Sign an NDA like a pro: The essentials before you put pen to paper

How to sign an NDA using SignNow: the essential tips you need to know

Signing an NDA (non-disclosure agreement) is a standard across many businesses and industries. The agreement acts like a safety net, ensuring that important secrets and sensitive information stay safe and undisclosed to a third party.

Businesses use NDAs to protect a wide range of information—customer details, new product designs, secret business strategies, and groundbreaking inventions. When it comes to personal matters, NDAs protect your privacy in situations like settling disputes, making private financial transactions, having sensitive discussions, collaborating on projects, or employing domestic staff. 

What is a non-disclosure agreement (NDA)?

Non-disclosure agreements are legal contracts between two or more parties that outline confidential material, knowledge, or information that the parties wish to share for specific purposes but wish to restrict access to or by third parties. Leaking information while an NDA is in place could lead to serious legal repercussions. 

In most cases, NDAs are not a cause for concern, but reading between the lines and fully understanding the terms and rules is crucial before signing the document.

Why do you need an NDA?

The main purpose of an NDA is to protect sensitive information, often used in business contexts where secrecy is essential for safeguarding things like trade secrets, proprietary knowledge, or any other details that a person or company wants to keep under wraps.

NDAs are crucial for business owners negotiating with potential partners or other companies. These agreements create a safe space for exchanging valuable or competitive information by legally preventing disclosure to outside entities. This assurance enables open discussions and can facilitate more effective collaboration or due diligence.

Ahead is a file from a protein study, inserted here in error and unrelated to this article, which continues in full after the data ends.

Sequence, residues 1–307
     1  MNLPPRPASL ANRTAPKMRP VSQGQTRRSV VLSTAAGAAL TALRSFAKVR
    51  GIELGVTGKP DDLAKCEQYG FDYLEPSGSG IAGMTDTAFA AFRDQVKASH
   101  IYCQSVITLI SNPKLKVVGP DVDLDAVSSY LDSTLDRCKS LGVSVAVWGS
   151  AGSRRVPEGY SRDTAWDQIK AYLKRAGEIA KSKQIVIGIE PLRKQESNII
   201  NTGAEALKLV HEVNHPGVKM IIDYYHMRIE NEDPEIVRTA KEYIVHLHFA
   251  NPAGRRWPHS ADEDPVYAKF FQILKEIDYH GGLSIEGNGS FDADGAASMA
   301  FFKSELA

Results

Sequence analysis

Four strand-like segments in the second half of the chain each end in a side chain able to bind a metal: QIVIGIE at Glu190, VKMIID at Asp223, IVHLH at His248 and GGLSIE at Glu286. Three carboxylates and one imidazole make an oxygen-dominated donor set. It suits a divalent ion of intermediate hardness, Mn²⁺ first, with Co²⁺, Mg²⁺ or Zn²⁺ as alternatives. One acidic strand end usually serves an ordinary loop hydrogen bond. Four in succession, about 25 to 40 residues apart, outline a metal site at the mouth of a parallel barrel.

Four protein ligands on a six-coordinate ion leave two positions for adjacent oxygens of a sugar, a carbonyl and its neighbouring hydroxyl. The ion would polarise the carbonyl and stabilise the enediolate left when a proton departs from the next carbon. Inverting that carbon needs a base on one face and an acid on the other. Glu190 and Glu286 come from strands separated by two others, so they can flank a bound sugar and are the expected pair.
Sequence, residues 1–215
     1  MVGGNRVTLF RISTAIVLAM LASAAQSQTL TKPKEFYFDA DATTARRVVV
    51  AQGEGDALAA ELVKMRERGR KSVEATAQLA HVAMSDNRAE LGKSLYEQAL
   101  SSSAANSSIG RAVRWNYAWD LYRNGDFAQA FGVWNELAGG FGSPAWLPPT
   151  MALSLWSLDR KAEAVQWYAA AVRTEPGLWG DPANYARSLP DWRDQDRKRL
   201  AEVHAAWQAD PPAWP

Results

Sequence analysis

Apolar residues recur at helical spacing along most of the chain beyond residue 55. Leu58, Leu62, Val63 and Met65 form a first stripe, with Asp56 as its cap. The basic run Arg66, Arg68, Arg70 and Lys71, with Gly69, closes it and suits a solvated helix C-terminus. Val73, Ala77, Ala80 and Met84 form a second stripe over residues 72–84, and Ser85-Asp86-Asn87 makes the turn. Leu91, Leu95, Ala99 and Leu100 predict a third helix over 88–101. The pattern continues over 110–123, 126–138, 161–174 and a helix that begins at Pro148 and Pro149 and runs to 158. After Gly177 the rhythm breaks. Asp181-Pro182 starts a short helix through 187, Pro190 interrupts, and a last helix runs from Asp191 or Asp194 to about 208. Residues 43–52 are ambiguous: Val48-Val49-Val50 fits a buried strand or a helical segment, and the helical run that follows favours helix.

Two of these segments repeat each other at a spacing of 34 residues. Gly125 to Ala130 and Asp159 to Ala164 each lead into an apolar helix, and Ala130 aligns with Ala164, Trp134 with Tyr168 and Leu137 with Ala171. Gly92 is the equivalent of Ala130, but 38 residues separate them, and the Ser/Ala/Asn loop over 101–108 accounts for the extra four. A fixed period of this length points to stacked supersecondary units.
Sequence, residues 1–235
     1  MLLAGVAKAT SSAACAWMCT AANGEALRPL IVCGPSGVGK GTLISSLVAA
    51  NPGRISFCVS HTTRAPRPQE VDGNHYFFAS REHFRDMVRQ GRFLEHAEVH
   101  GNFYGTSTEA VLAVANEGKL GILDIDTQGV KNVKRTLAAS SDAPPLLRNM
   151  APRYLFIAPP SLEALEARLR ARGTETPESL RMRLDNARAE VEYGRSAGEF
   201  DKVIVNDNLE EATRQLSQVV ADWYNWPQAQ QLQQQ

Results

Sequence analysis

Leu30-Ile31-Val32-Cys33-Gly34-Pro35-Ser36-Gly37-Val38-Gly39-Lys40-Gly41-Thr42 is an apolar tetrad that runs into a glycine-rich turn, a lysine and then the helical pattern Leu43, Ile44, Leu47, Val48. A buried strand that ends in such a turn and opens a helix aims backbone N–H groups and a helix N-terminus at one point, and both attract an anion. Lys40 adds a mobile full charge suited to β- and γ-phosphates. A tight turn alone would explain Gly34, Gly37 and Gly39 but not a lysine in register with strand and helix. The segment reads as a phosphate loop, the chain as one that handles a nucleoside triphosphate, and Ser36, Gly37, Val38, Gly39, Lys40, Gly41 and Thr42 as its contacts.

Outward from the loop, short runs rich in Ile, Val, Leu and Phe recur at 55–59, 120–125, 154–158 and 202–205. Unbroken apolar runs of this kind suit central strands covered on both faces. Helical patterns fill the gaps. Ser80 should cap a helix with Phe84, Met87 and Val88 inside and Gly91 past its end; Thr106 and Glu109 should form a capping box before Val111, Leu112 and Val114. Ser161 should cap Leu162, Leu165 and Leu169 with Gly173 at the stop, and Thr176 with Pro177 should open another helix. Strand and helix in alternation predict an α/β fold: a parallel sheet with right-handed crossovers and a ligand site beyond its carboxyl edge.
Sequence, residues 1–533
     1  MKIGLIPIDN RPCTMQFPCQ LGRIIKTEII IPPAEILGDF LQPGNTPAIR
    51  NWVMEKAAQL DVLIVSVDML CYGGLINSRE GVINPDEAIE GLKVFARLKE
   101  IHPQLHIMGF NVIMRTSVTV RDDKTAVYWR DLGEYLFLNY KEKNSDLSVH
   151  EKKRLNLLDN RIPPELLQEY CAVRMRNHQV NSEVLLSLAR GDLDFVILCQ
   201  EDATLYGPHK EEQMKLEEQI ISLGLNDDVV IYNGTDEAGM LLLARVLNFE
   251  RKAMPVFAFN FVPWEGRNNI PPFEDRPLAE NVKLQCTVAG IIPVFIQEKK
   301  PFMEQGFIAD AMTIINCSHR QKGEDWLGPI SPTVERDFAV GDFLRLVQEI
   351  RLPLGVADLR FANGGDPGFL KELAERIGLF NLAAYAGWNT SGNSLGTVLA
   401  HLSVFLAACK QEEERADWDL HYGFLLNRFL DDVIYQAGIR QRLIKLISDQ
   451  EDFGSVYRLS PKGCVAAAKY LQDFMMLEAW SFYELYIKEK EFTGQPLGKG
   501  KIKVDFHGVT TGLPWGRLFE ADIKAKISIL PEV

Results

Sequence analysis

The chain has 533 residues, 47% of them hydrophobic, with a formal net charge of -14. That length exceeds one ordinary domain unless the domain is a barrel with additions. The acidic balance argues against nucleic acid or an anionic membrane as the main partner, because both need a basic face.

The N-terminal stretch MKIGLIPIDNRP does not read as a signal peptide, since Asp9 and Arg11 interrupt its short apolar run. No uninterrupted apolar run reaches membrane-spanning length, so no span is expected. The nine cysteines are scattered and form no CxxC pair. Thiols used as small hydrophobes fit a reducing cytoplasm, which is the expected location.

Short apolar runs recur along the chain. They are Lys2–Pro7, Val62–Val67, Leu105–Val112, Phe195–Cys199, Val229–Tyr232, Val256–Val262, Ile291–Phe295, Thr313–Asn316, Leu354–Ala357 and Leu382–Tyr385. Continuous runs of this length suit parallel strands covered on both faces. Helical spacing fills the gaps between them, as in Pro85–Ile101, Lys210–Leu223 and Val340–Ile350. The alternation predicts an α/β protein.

Moreover, NDAs serve a vital purpose in preserving an invention’s patent rights. Sharing details of an invention without an NDA could lead to losing patent rights if the information becomes public. By preemptively securing an NDA, innovators can discuss their inventions with stakeholders and investors while maintaining patent eligibility.

When onboarding new employees, NDAs are a critical protective measure. They legally bind new team members to keep trade secrets and other proprietary information they gain access to confidential to themselves. By doing so, companies can maintain the security of their internal strategies, procedures, and data, even as they expand and bring new talent into the fold. 

Protect your business interests and maintain a competitive edge with SignNow, the ultimate tool for signing NDAs.

Six common types of NDAs

Mutual Agreement

A Mutual Non-Disclosure Agreement (NDA) is used in collaborations, partnerships, and business negotiations. They are also used in joint ventures and mergers to define the scope, purpose, and duration of confidentiality obligations, fostering trust between the parties involved.

Non-Mutual Agreement

A Non-Mutual Agreement, or a unilateral NDA, is commonly used when a business is sharing confidential information with another party, such as an employee, contractor, or business partner, but the recipient doesn’t need to share their information in return. These types of NDAs are signed together with employment contracts, consulting agreements, or in situations where one party has valuable proprietary information to protect.